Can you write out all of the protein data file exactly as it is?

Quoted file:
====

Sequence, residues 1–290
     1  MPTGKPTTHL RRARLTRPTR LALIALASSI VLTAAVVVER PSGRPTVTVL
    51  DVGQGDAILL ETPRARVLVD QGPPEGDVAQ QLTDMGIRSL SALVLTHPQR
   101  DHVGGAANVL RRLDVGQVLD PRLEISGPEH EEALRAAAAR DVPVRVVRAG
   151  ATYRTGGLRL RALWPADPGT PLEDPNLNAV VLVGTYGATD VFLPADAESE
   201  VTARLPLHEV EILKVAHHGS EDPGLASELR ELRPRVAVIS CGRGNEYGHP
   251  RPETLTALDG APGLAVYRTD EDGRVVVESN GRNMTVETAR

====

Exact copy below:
Sequence, residues 1–290
     1  MPTGKPTTHL RRARLTRPTR LALIALASSI VLTAAVVVER PSGRPTVTVL
    51  DVGQGDAILL ETPRARVLVD QGPPEGDVAQ QLTDMGIRSL SALVLTHPQR
   101  DHVGGAANVL RRLDVGQVLD PRLEISGPEH EEALRAAAAR DVPVRVVRAG
   151  ATYRTGGLRL RALWPADPGT PLEDPNLNAV VLVGTYGATD VFLPADAESE
   201  VTARLPLHEV EILKVAHHGS EDPGLASELR ELRPRVAVIS CGRGNEYGHP
   251  RPETLTALDG APGLAVYRTD EDGRVVVESN GRNMTVETAR